The start of the college football season signals the beginning of a fact-finding mission for NFL scouts. Most will enter the fall with a host of questions surrounding the top prospects in the country, with the answers ultimately determining which guys remain at the top of the board come draft day.
With the season just days away from kicking off, here are some top questions NFL teams will want answered this fall:
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Is Clowney worthy of No. 1 overall pick?
Jadeveon Clowney has dominated the college football conversation since splattering Michigan's Vincent Smith in the Outback Bowl with what will go down as one of the most spectacular highlights in college football history. Although Clowney is certainly more than a one-hit wonder based on his impressive career resume (21 sacks and 33.5 tackles for loss), the lofty comparisons to some of the NFL's legendary defensive ends have set the bar at an unprecedented level for a player entering his third season of major college football.
The anointing of Clowney as the likely No. 1 pick is premature considering few scouts have extensively studied his game at this point (the NFL prohibits evaluators from compiling information on prospects before they are eligible for the draft, or three years removed from high school). While the hype suggests he is King Kong on the edge, the tape must reveal a dominant player who terrorizes opponents consistently rather than make splash plays on occasion. Moreover, scouts must come away convinced he can handle the pressure associated with being a No. 1 pick by continuing to dominate the SEC as a pass rusher and run defender despite facing host of tactics designed to minimize his effectiveness as an edge player.
Can Johnny Football do it again?
Johnny Manziel took the college football world by storm with a sandlot game built on flash and improvisation. The Heisman Trophy winner accounted for more than 5,000 yards of total offense, including an SEC-best 1,410 rushing yards. Most impressively, he carried the Aggies to a surprising 11-win season that included an upset win of the eventual BCS champions on their home turf.
Given Manziel's overwhelming success as a redshirt freshman, scouts want to see what he can do for an encore against defensive coordinators better prepared to defend his unorthodox game. They also will want to see if Manziel can continue to thrive when defenses force him to play extensively from the pocket. While he has certainly demonstrated the high football IQ, awareness and passing skills to pick apart defenses with his arm, his ability to do it against changing looks and blitz pressures will test his mettle as a quarterback.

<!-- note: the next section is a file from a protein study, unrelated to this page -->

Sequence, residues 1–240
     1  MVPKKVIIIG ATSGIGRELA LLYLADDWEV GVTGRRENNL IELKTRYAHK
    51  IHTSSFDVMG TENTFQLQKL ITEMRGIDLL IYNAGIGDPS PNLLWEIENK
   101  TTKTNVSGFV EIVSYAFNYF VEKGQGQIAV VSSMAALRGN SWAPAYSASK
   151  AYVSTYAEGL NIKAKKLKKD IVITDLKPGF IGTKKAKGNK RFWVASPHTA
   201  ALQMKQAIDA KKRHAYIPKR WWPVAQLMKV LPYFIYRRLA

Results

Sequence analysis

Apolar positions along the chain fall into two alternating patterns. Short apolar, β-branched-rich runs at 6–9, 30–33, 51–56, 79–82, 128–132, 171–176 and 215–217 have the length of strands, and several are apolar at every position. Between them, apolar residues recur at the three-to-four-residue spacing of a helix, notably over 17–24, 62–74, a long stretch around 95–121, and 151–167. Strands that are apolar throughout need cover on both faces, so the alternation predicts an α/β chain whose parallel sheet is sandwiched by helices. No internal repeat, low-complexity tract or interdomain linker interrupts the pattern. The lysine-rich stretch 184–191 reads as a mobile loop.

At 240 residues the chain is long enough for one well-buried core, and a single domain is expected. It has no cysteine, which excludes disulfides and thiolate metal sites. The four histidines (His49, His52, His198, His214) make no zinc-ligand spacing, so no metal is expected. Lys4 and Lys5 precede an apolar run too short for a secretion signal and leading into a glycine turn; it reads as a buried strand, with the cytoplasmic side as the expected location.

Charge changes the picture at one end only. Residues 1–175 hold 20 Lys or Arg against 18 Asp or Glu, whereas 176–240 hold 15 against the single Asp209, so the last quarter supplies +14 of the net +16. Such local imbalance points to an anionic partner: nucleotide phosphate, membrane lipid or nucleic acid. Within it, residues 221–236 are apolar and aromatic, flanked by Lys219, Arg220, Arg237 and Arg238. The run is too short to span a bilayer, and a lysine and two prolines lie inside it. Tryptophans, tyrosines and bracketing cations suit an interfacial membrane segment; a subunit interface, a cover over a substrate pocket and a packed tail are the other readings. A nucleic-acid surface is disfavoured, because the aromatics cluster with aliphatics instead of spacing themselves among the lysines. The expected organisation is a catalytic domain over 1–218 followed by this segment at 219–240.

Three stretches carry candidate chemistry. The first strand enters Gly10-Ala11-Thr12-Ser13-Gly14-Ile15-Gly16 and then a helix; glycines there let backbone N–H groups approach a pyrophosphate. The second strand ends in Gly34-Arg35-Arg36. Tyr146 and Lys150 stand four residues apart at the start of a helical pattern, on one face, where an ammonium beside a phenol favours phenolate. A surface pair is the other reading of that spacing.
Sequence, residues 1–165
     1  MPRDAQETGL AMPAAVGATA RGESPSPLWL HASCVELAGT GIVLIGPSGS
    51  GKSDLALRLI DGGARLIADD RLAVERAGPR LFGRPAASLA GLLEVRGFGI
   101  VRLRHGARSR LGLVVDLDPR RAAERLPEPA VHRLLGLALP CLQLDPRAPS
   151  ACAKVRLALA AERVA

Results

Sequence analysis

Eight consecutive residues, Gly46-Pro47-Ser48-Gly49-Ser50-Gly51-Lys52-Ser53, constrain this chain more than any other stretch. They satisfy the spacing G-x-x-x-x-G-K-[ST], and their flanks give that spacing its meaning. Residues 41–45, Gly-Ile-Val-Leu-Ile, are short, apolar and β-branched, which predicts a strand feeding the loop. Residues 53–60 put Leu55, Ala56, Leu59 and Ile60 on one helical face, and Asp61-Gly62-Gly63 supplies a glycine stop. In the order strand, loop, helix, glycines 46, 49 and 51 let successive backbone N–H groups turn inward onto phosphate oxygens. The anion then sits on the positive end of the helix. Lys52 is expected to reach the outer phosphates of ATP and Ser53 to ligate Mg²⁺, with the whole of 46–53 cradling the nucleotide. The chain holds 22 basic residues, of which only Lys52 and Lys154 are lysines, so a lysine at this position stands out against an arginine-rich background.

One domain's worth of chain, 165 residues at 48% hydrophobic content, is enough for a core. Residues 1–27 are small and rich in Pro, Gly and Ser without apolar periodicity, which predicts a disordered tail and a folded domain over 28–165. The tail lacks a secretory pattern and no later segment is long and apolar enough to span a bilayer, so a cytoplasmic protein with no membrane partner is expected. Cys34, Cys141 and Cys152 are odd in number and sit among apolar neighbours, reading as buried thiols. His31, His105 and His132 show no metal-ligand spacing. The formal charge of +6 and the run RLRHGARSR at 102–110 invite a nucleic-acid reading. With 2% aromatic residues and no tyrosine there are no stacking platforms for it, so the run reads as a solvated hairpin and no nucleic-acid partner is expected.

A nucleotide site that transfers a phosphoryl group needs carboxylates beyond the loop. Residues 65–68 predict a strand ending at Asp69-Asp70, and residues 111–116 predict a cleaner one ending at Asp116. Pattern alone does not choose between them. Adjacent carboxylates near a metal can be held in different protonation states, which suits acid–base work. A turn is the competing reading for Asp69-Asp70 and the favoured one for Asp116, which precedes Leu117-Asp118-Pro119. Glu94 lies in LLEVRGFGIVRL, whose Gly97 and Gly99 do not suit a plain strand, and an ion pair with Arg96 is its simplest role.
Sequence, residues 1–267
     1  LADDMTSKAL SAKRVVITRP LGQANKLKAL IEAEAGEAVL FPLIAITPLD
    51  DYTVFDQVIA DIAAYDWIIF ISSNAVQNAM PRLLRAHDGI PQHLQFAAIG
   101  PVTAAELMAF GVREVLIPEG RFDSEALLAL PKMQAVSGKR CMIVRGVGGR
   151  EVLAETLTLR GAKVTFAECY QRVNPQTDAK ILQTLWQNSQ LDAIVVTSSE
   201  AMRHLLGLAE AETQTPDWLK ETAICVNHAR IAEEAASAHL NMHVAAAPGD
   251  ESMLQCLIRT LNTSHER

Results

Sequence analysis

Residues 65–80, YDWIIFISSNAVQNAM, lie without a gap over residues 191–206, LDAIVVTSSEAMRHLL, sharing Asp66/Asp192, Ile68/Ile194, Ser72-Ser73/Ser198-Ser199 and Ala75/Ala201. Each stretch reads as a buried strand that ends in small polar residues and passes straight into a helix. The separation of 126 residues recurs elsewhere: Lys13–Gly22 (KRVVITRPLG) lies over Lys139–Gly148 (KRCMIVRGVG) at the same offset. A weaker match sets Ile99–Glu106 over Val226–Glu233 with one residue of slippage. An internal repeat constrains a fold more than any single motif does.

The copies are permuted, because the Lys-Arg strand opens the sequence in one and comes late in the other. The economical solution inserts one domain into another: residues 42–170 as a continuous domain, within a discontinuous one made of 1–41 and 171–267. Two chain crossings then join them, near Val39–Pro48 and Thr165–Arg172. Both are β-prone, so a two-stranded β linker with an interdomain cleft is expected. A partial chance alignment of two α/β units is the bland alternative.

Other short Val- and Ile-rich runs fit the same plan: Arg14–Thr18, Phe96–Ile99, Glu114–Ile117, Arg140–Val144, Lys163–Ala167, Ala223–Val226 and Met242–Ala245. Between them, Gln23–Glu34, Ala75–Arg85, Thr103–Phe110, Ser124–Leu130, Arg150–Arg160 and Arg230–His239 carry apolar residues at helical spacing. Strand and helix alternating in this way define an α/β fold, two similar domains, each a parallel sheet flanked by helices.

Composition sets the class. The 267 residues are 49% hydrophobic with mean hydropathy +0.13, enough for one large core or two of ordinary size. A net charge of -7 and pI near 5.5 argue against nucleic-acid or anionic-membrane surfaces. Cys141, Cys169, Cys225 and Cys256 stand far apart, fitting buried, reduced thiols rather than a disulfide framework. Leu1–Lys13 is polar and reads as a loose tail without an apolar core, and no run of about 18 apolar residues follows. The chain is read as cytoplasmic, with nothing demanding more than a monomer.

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Scouts will also want to assess how well Manziel performs under the intense scrutiny he will face from media members intent on picking apart his every move. From his body language on the sideline to his interactions with his teammates, Manziel will be subject to daily analysis from every talking head in the college football world, including yours truly. Therefore, he must demonstrate the on-field maturity and leadership skills associated with franchise quarterbacks, while also displaying marked improvements in his game as a pocket passer. If he checks the boxes in those key areas, he could emerge as a viable option for an NFL team in need of a game-changer under center, should the redshirt sophomore, as many suspect, enter the draft early.
Who is next freakish athlete to emerge?
Each year, the NFL draft features a prospect that rises from obscurity to become a top-15 pick based on athleticism and potential. In the 2013 NFL Draft, Ezekiel "Ziggy" Ansah and Kyle Long emerged as first-round picks despite having limited experience at their respective positions. Their collective combination of size, speed and athleticism keyed their meteoric rise up the charts, while also validating the fact that scouts value explosive athletes at a premium in the draft.
Looking at the college landscape, I believe scouts will pay close attention to Georgia's Malcolm Mitchell, Florida's Louchiez Purifoy, Minnesota's Ra'Shede Hageman, Oregon's Colt Lyerla and Kent State's Dri Archer based on their impressive physical dimension and explosive athletic attributes. Their penchant for splash plays are enough to tantalize scouts willing to bank on potential at the next level. Can any of them emerge as a franchise-caliber difference-maker at the next level? We'll know a lot more five months from now.